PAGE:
Will commissioners' barking about Plan Maryland be more fierce than the bite?

As Carroll County commissioners Richard Rothschild and Robin Frazier spoke recently during a slide presentation on their goals/visions in the 2010 Master Plan, I found myself thinking, "I've heard this tune before."

But I hadn't heard it on WTTR — no, it was at the public meetings where the commissioners tried to explain in January why the a land-use plan submitted by the Planning Commission in January was dead on arrival.

Seven months passed before the commissioners got around to making recommendations they considered necessary to gain the board's approval. To me, that delay was ludicrous (especially considering that it only took 17 weeks for our founding fathers to hammer out the Constitution).

While the commissioners seemed bent on damning the master plan proposal, they can't match the dramatic gesture made by the late former commissioner Ben Brown, who in a 1998 public meeting showing his contempt for the 1964 master plan, ripped it apart.

Now, realistically, I don't believe there's any way the planning commission will adopt the recommendation to remove reference to smart growth and sustainability, especially given that it would put the county in conflict with state laws and the state Department of Planning's policies and visions concerning land-use (as highlighted in its draft of Plan Maryland).

If, however, Rothschild and Frazier are able to convince other commissioners to join them  in engaging the state over whose land-use policies will prevail in Carroll, they'd be going down a road where angels fear to tread.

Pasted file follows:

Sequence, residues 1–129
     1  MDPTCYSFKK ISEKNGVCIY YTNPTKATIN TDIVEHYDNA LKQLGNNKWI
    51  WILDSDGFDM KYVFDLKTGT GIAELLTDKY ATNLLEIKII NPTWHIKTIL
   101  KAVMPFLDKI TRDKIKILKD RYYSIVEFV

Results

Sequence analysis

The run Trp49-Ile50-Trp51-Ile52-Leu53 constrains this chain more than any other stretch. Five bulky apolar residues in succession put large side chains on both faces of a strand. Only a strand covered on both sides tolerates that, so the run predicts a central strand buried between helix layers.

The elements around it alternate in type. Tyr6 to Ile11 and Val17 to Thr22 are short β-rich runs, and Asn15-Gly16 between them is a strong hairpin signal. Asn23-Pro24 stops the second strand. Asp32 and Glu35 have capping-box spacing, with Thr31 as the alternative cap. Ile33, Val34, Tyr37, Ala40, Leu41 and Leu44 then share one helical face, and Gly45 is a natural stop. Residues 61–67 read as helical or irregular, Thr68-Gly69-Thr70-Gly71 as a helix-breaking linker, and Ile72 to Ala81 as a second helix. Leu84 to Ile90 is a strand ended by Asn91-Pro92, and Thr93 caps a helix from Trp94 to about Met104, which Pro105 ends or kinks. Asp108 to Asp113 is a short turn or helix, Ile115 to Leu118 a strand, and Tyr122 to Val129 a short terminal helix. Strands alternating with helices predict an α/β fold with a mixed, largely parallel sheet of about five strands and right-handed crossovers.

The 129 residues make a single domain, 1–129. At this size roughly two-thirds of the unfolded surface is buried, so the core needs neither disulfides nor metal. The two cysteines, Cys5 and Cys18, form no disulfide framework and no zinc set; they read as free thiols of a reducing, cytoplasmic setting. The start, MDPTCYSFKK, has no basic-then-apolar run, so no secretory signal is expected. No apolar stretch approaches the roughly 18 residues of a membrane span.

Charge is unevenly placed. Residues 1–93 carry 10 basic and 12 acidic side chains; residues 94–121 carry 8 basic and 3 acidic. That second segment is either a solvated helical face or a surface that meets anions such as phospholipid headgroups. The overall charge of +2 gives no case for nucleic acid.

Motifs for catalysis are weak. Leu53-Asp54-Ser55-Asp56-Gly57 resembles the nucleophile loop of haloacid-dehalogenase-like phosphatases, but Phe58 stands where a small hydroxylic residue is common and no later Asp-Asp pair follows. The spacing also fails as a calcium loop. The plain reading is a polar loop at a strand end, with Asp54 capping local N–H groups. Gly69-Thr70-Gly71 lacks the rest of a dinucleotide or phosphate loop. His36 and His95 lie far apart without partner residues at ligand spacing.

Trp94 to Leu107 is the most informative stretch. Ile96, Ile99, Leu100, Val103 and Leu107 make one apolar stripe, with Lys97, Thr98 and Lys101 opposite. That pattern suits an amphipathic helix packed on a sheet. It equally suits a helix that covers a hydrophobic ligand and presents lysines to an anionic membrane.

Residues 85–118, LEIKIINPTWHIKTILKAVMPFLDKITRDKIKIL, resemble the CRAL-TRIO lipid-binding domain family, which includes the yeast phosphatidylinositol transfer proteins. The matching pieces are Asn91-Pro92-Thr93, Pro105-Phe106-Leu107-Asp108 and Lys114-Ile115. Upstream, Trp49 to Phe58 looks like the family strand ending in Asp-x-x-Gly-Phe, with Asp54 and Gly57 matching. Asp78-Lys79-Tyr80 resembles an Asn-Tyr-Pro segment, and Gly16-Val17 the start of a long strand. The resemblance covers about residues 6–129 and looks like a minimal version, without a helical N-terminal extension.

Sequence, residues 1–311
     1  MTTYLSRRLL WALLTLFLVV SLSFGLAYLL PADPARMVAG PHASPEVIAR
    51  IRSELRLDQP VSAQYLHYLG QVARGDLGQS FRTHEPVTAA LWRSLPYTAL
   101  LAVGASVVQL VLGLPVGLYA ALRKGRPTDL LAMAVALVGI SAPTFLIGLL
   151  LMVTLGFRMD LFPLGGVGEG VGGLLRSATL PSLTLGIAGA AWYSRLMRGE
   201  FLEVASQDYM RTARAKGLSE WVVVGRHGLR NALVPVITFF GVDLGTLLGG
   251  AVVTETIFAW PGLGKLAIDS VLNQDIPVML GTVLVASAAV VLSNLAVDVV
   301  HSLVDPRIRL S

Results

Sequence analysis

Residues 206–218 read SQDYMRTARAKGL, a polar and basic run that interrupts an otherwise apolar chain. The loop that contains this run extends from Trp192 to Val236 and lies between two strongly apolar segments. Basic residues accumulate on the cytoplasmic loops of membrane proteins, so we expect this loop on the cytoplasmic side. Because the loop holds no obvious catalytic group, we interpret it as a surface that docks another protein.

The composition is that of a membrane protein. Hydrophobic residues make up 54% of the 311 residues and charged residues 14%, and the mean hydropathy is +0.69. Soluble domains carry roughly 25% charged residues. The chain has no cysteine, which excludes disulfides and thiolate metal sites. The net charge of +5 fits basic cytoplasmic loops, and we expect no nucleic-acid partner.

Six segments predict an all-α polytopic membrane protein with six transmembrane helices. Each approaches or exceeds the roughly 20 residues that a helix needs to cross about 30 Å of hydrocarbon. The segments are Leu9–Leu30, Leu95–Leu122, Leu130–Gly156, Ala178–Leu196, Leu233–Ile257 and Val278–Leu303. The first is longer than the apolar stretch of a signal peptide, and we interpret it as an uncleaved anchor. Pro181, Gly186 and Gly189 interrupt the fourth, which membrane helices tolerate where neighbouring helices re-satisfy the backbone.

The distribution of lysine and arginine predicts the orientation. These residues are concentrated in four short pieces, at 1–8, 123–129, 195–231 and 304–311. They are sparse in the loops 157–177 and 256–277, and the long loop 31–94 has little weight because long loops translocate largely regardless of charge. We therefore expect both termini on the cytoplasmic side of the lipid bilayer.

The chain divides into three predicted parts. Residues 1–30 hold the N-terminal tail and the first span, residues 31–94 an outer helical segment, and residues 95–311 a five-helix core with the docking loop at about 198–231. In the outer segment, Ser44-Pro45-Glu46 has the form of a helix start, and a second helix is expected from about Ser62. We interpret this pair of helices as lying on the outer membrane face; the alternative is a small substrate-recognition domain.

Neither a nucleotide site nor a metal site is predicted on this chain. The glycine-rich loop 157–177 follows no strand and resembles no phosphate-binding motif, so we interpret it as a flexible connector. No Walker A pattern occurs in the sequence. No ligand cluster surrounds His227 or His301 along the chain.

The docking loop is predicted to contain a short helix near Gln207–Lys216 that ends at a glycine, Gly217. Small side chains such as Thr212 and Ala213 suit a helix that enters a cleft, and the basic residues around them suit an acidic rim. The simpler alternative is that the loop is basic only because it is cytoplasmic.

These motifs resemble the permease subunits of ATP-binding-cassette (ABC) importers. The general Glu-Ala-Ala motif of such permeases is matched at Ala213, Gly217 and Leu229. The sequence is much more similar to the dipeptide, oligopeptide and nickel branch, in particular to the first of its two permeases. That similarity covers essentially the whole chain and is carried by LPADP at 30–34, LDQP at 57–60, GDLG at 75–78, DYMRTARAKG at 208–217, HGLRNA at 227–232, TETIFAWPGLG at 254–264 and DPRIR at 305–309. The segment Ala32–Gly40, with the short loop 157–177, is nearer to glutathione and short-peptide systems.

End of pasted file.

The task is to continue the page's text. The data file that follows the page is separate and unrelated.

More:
Moreover, such a misadventure could prove costly to the county, if the state were to exercise its authority to withhold funds to the county for noncompliance with the 1997 Smart Growth and Conservation Act.

That act specifies that:

"State will not put its funds where development is low in density … where there must be an average density of 3.5 dwelling units per acre to qualify for state funds … and is prohibited from funding growth-related projects not located in a Priority Funding area."

The act also has the caveat that, "counties may designate areas planned for new residential communities, provided they will be served by water and sewer systems and meet density standards."

In the final analysis, I'm confident (or fairly so), that the other commissioners would not be so foolhardy as to jump on the bandwagon headed on a collision course with the all-powerful (if not all-knowing) state government.

But one never knows.

All of the commissioners chose not to attend the Plan Maryland presentation held July 28 at Carroll Community College. (See page 4.)

Board President Doug Howard issued a statement about the session, saying board members did not attend because, "we were not asked to participate as a board," and that members will attend workshops about Plan Maryland at the Maryland Association of Counties summer conference in mid-August.

He also said the commissioners will host their own Community Forum on Plan Maryland on Monday, Aug. 29, with a discussion on Aug. 30 to formulate the board's comments.

So I suppose their overall stance — and their strategy to realize it — remains to be seen. Hope springs eternal. Sadly, so does disappointment.

Quote of the week: "Complainers change their complaints, but they never reduce the amount of time spent in complaining." — Mason Cooley

For more David Grand, go to davgrand.wordpress.com.

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